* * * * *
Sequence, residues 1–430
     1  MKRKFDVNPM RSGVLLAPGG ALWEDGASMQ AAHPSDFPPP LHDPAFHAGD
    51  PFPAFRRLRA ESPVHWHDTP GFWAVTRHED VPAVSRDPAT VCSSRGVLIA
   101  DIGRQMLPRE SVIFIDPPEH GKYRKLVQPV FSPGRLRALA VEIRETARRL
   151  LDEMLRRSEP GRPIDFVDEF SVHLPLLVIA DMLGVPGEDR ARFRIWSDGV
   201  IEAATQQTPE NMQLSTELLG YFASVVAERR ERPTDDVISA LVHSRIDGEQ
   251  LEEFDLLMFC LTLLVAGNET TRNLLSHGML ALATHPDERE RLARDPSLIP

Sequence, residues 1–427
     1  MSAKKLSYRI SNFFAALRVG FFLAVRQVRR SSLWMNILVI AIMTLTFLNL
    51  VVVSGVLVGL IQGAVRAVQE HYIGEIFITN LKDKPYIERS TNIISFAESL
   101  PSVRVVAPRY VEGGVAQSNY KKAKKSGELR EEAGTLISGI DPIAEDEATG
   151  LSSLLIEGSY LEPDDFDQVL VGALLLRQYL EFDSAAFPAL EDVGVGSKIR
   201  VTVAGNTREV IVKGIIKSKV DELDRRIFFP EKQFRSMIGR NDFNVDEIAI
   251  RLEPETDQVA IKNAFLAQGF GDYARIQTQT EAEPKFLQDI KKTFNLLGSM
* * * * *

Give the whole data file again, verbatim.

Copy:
Sequence, residues 1–430
     1  MKRKFDVNPM RSGVLLAPGG ALWEDGASMQ AAHPSDFPPP LHDPAFHAGD
    51  PFPAFRRLRA ESPVHWHDTP GFWAVTRHED VPAVSRDPAT VCSSRGVLIA
   101  DIGRQMLPRE SVIFIDPPEH GKYRKLVQPV FSPGRLRALA VEIRETARRL
   151  LDEMLRRSEP GRPIDFVDEF SVHLPLLVIA DMLGVPGEDR ARFRIWSDGV
   201  IEAATQQTPE NMQLSTELLG YFASVVAERR ERPTDDVISA LVHSRIDGEQ
   251  LEEFDLLMFC LTLLVAGNET TRNLLSHGML ALATHPDERE RLARDPSLIP

Sequence, residues 1–427
     1  MSAKKLSYRI SNFFAALRVG FFLAVRQVRR SSLWMNILVI AIMTLTFLNL
    51  VVVSGVLVGL IQGAVRAVQE HYIGEIFITN LKDKPYIERS TNIISFAESL
   101  PSVRVVAPRY VEGGVAQSNY KKAKKSGELR EEAGTLISGI DPIAEDEATG
   151  LSSLLIEGSY LEPDDFDQVL VGALLLRQYL EFDSAAFPAL EDVGVGSKIR
   201  VTVAGNTREV IVKGIIKSKV DELDRRIFFP EKQFRSMIGR NDFNVDEIAI
   251  RLEPETDQVA IKNAFLAQGF GDYARIQTQT EAEPKFLQDI KKTFNLLGSM